(For example, circumcision. There was nothing moral or immoral about circumcision itself. It's significance, under the Old Testament, was COVENANTAL and symbolic. Under the New Covenant, neither circumcision nor uncircumcision makes any covenantal difference. The ethic that was symbolized through the Old Covenant practice of circumcision is fulfilled in us through baptism and through sanctification of the flesh and spirit.

Another example of this is the point of Law which said, "Thou shalt not muzzle the ox that treadeth the corn". Paul's comment about this verse was that God didn't give Israel that point of Law because He cared for oxen alone. Moses wrote it to illustrate their ethical responsibility to pay their labourers. Paul then applied this Law which seemed to be about oxen to a New Testament setting and used it in support of his assertion that preachers of the Gospel have the right to earn a living from the ministry.

The Laws of blood-sacrifices are in the same category. We fulfill the true intent of those Law, not through continuing to bring blood-offerings, but through our acknowledgment of that one great sacrifice which they were meant to foreshadow.)

The Law against mixed-fabrics is probably in the same category. It isn't morally wrong that we now wear mixed fabrics, that we do or don't get circumcized, and that we don't bring blood-sacrifiices - because we fulfill the true ethic that was inherent in each of those Laws, in another way. The point behind prohibiting mixed-fabrics in Israel was to serve as an illustration of moral and ethical DISTINCTION, similar to the way in which circumcision did. There was an unchanging distinction between right and wrong. There was an unchanging distinction between holy and profane. Through the prohibitions against wearing mixed-fabrics, God gave them a symbol of the importance of that truth.

Wearing mixed-fabrics was not as simple in those days as going down to the shop and buying an item of clothing as we do, often without taking too much notice about the makeup of the fabric. In those days, the effort it took to manufacture mixed fabrics very often would have in itself been loaded with other intent. Like cutting the corners of one's beard, it was in itself, in those days, somewhat symbolic of an ethical statement. It spoke of mixed-allegiances; of twisted, mixed morals. That's the type of social and religious disorder which Moses was giving Israel a symbolic reminder of through this particular point of Law.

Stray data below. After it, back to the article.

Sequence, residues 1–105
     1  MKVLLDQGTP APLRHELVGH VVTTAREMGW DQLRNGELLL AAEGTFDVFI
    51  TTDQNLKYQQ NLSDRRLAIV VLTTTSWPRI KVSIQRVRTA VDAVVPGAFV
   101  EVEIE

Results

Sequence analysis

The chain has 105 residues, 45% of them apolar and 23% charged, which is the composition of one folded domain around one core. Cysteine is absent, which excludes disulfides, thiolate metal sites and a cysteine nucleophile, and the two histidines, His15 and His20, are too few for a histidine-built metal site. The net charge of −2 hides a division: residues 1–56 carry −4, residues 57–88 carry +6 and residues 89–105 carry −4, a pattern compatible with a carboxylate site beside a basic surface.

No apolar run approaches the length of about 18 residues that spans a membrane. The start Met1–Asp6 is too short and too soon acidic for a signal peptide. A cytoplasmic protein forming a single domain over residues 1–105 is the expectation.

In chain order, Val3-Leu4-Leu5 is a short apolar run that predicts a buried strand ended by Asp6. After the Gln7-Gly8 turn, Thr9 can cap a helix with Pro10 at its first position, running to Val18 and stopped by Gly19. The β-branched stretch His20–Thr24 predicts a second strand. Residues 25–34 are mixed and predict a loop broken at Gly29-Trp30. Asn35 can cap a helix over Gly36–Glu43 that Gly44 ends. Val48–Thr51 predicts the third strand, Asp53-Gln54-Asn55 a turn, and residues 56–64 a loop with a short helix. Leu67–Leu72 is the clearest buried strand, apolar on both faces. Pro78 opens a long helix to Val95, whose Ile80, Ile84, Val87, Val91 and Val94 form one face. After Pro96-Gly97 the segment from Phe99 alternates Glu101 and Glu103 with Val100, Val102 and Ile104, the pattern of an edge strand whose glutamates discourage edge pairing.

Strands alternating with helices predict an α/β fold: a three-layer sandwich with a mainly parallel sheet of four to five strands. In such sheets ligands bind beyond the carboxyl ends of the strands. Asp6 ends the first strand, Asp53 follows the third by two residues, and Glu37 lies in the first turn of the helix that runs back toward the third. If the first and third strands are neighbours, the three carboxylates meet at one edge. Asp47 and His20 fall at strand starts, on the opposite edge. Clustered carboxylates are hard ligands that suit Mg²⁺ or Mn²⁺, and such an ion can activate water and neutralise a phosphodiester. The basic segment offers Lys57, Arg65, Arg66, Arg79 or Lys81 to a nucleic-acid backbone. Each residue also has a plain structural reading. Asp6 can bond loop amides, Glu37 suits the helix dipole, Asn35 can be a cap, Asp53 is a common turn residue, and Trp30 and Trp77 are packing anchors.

Now that we are under a New Covenant, we embrace that same truth - but through a different vehicle. We express it through our appreciation of the cross, where God made a distinction by judging sin on the cross in the body of His Son so that we could be justified by His resurrection from the dead by the spirit of holiness. We fulfill this Law by praising God for having sanctified us as a peculiar, distinct people, as a holy, distinct priesthood. We fulfill it through doing good, holy works and by not practising, teaching or condoning sin as if it wasn't distinguished from holiness. In this way, we as New Testament believers do fulfill the ethic, the moral, of that particular point of Law (against mixed-fabrics). In fact - we ARE the fulfillment of that particular point of Law. (But that doesn't mean there might not also be some physical advantages of one fabric over another's).

By God's grace, through the efficacy of the cross, we DO fulfill all of the Law in every way. The above article is therefore wrong in its conclusion that the Laws prohibiting homosexuality are either uninspired, unauthoritative, or non-applicable in modern society. Like every part of the Law, Jesus didn't come to destroy it, but to fulfill it. The ethic of heterosexuality carries through into the writings of the New Testament. Adultery, fornication, homosexuality, and all uncleanness are taught in the New Testament as being sins.

God's grace didn't change the definition of sin - God's grace gave us power over sin, freely through Jesus Christ.